Lung cancer screening tests are carried out to look for lung cancer early symptoms in people who have no symptoms at all. Routine screening is very reliable and can often detect even the smallest lung tissue abnormalities. This is critical because early detection will lead to better outcomes and a higher standard of living. Early detection rates continue to increase as these lung cancer tests become more accurate and accessible.
Continue the annual screening of lung cancer until you reach a point where you are unlikely to benefit from screening such as when you have certain severe health problems that could make you too weak to seek treatment for lung cancer.
The following screening tests are performed to see if they decrease the risk of lung cancer:
Low-dose spiral CT scan (LDCT scan): A technique using low-dose radiation to produce a series of very detailed images of interior body. It uses an x-ray machine which scans a spiral path of the body. The images are taken by a computer that is connected to the x-ray system. This technique is also called low-dose helical CT scan.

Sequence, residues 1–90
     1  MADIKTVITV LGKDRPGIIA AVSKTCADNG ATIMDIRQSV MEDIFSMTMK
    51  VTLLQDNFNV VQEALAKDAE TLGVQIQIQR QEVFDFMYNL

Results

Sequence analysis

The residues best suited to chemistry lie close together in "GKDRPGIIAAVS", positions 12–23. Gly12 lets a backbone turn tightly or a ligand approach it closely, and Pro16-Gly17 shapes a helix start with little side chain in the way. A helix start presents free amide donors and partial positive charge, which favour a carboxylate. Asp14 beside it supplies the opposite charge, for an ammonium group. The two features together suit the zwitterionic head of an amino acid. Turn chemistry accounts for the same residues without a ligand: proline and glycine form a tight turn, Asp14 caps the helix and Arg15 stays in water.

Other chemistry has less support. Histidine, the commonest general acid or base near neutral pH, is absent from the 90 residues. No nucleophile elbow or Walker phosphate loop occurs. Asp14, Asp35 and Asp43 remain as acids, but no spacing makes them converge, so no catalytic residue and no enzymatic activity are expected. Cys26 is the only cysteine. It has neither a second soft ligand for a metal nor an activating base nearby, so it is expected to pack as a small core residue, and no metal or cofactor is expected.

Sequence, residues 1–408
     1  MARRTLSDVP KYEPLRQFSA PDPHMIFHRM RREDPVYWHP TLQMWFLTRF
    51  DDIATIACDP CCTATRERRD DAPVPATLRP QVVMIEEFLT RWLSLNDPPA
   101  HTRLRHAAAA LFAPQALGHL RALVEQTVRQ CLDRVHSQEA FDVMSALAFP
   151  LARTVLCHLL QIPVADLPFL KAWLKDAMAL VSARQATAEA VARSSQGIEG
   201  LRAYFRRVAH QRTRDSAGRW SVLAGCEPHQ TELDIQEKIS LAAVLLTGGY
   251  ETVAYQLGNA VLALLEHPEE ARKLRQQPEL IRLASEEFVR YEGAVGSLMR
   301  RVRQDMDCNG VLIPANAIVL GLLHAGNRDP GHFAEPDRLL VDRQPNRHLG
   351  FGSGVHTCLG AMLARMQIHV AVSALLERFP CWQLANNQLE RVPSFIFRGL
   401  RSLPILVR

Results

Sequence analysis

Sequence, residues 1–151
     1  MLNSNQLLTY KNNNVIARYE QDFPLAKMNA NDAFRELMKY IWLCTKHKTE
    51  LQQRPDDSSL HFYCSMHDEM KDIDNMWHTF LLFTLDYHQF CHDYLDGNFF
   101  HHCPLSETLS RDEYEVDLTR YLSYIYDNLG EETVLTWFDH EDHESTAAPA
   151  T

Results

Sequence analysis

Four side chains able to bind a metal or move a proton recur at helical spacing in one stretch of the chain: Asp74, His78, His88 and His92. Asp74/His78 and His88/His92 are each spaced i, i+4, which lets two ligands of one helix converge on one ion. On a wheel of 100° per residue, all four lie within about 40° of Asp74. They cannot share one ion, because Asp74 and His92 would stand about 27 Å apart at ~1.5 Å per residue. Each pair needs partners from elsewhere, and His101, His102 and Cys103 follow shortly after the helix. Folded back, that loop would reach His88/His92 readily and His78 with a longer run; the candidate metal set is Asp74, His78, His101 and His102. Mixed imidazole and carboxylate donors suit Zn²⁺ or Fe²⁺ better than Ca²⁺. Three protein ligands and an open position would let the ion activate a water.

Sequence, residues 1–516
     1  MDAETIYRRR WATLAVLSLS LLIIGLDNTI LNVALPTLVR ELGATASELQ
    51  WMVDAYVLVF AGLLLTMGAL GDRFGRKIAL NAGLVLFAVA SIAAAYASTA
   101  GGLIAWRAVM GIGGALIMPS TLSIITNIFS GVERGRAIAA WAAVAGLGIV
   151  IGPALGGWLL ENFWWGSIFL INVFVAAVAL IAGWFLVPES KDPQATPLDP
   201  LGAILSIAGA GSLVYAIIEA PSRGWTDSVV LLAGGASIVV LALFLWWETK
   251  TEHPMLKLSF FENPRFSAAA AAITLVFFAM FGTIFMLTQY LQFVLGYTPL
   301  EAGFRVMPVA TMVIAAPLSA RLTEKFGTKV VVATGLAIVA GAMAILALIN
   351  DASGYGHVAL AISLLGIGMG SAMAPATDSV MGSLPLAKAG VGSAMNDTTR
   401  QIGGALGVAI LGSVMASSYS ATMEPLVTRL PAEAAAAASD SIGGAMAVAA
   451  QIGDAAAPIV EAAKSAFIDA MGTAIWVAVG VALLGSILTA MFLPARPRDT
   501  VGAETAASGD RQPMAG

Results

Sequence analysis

Chest x-ray: It takes the x-ray of internal chest organs and bones. A lung cancer x-ray is a type of energy beam that can travel through the body and create an image of areas inside the body.
Sputum cytology test: Sputum cytology in lung cancer is a process where a sputum sample is examined under a microscope to test for cancer cells.